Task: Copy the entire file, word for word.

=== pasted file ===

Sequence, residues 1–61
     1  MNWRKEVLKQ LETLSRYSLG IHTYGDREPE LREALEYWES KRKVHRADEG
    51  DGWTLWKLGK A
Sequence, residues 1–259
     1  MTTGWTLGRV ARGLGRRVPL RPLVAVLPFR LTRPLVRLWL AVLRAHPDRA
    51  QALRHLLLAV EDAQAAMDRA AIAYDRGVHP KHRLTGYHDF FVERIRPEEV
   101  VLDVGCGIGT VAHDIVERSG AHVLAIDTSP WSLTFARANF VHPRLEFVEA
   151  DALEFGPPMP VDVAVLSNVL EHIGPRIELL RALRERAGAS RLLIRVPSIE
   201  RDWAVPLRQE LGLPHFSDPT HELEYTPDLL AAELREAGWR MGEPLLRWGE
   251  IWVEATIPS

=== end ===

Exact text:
Sequence, residues 1–61
     1  MNWRKEVLKQ LETLSRYSLG IHTYGDREPE LREALEYWES KRKVHRADEG
    51  DGWTLWKLGK A
Sequence, residues 1–259
     1  MTTGWTLGRV ARGLGRRVPL RPLVAVLPFR LTRPLVRLWL AVLRAHPDRA
    51  QALRHLLLAV EDAQAAMDRA AIAYDRGVHP KHRLTGYHDF FVERIRPEEV
   101  VLDVGCGIGT VAHDIVERSG AHVLAIDTSP WSLTFARANF VHPRLEFVEA
   151  DALEFGPPMP VDVAVLSNVL EHIGPRIELL RALRERAGAS RLLIRVPSIE
   201  RDWAVPLRQE LGLPHFSDPT HELEYTPDLL AAELREAGWR MGEPLLRWGE
   251  IWVEATIPS